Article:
Discussion:
Win 7 PC Suddenly Will Not Sleep
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Frank L. Thiel
2018-03-19 18:37:41 UTC
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PC has always been set to sleep after 20 min. Display sleeps as
expected, but PC has suddenly stopped sleeping. No hardware/software
changes other than Windows Update. Cannot find a clue in MS Support. Any
suggestions?
Good Guy
2018-03-20 02:10:35 UTC
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Post by Frank L. Thiel
PC has always been set to sleep after 20 min. Display sleeps as
expected, but PC has suddenly stopped sleeping. No hardware/software
changes other than Windows Update. Cannot find a clue in MS Support.
Any suggestions?
Settings changed perhaps?
Post by Frank L. Thiel
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Paul
2018-03-20 04:10:22 UTC
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Post by Frank L. Thiel
PC has always been set to sleep after 20 min. Display sleeps as
expected, but PC has suddenly stopped sleeping. No hardware/software
changes other than Windows Update. Cannot find a clue in MS Support. Any
suggestions?
https://www.sevenforums.com/performance-maintenance/361163-cant-sleep-powercfg-reports-driver-blocking-system.html

powercfg -energy -output %USERPROFILE%\Desktop\Energy_Report.html

If you don't specify the output location, the report ends up
in what looks like the current working directory.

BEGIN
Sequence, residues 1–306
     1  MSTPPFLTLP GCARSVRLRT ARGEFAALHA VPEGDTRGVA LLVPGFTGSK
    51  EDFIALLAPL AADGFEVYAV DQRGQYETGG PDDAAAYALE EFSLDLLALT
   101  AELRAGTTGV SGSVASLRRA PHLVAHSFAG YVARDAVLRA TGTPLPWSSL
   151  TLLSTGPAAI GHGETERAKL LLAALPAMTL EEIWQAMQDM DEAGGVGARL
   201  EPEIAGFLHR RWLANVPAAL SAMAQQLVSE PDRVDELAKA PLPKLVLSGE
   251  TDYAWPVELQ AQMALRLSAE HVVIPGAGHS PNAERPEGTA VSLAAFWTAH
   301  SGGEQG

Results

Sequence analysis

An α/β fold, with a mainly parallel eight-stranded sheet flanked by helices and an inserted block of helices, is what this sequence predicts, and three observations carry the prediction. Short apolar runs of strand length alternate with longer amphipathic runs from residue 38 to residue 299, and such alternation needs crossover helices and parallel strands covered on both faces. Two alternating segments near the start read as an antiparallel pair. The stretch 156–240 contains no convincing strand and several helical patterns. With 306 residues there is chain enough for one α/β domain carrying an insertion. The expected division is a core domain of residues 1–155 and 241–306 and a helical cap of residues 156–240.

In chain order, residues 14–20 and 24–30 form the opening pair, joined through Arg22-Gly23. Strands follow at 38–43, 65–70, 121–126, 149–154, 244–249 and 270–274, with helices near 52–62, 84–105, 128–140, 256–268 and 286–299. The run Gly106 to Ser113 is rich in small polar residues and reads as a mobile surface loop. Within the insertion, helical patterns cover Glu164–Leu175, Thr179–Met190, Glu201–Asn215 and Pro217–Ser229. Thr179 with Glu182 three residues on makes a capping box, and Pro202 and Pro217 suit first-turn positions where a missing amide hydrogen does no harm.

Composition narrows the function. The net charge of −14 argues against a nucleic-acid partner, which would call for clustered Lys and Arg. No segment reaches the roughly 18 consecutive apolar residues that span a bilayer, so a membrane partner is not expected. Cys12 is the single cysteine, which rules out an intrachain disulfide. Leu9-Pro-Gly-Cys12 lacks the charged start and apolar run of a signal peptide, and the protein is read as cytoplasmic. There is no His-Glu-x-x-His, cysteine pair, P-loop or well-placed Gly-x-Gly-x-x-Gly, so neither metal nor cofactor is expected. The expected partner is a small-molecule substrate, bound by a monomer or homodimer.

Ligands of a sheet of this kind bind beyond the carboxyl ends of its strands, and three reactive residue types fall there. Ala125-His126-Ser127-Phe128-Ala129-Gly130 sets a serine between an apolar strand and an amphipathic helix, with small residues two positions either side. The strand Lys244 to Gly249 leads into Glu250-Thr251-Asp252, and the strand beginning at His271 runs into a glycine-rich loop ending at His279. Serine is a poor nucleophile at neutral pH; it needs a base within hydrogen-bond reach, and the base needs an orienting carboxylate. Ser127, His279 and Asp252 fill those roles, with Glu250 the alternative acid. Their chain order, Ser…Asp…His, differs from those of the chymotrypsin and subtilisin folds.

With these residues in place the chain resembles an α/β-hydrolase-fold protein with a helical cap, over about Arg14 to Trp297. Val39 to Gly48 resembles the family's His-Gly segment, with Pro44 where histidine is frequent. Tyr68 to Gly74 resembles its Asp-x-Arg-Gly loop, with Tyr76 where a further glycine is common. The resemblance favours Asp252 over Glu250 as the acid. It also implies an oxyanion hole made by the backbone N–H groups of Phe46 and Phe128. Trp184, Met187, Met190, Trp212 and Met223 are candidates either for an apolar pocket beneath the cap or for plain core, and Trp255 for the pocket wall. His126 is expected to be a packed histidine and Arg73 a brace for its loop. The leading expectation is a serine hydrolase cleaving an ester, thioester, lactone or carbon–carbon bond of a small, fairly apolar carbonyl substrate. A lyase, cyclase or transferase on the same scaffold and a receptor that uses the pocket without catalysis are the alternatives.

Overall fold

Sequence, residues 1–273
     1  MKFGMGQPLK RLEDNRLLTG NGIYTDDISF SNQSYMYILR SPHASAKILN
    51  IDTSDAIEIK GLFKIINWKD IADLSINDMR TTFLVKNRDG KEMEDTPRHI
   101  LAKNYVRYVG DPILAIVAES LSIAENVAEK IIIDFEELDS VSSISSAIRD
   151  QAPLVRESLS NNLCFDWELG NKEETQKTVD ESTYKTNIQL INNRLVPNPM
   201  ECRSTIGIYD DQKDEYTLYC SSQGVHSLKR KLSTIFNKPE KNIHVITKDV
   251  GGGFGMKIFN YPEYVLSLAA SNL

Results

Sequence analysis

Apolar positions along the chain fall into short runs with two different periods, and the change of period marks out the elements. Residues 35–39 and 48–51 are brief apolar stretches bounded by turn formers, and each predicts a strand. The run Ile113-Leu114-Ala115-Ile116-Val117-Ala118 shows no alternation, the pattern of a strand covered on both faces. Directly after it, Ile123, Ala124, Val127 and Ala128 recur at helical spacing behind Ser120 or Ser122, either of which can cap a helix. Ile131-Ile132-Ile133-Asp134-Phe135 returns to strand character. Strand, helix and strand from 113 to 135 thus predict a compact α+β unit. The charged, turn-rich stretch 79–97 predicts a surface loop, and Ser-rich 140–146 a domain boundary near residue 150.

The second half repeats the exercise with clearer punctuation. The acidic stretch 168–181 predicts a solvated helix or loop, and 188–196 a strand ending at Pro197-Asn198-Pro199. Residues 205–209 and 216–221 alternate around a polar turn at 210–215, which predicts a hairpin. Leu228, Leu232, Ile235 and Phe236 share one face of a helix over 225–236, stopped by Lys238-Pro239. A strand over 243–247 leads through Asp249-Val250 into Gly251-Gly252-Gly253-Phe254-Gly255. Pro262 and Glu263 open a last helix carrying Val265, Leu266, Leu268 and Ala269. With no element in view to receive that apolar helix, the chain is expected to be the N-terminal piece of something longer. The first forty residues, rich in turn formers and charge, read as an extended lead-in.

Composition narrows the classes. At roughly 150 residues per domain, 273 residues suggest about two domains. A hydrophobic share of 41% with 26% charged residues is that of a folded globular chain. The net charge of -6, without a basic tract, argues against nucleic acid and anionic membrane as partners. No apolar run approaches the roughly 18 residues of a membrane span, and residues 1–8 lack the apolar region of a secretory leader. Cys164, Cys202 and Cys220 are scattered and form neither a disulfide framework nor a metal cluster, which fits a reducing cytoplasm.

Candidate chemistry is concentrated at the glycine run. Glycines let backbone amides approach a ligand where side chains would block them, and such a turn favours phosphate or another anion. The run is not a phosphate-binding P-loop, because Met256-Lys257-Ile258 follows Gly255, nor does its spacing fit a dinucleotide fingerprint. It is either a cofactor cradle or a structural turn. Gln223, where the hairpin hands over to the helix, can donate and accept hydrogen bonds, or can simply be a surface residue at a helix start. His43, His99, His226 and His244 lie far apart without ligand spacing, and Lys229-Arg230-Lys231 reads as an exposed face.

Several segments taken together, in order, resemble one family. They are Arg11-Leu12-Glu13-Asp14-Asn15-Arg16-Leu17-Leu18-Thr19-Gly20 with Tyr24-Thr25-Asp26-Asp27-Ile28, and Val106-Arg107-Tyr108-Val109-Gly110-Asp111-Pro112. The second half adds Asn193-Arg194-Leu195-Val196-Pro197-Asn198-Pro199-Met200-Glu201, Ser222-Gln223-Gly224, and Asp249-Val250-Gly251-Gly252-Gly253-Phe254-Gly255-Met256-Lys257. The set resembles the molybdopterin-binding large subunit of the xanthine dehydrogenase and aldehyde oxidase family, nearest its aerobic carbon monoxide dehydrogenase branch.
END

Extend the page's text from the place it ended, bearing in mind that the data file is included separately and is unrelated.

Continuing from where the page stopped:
I tried running that from an elevated (administrator) Command
Prompt. And because the test was done in a Windows 7 VM, it said:

"System firmware (BIOS) does not support S3"

So that's my sleep-blocker right there. Your sleep-blocker
won't be that one, unless you have some older hardware, and
the default in the BIOS was S1, instead of "S1 & S3".

And while there is another command, I'm not sure it has
any diagnostic value.

powercfg -devicequery s3_supported

That one lists lots of things that support S3 sleep, but it
won't tell you about critical (i.e. real hardware) ones
that are blocking sleep.

So my guess is, the energy report will have to do.

There are several possibilities for ACPI problems:

1) System tries to enter a state, crashes, and restarts.
Sometimes a shutdown, where the system won't stay shut
down, is actually a crash followed by an automatic reboot.

2) System tried to enter sleep, and a wake_armed device
immediately wakes it up again. A NIC set to "wake on carrier"
will wake in about 10 seconds or so. There are other values
for NIC waking which will stop that. I have two mice here,
and the Microsoft mouse will wake the computer if it
moves a couple micro-inches. So that mouse must be disabled
in Device Manager.

The powercfg "-lastwake" command may help with those.

3) System cannot enter the desired state, because a "blocker"
is present. (Use energy report.)

Those are some examples.

Paul

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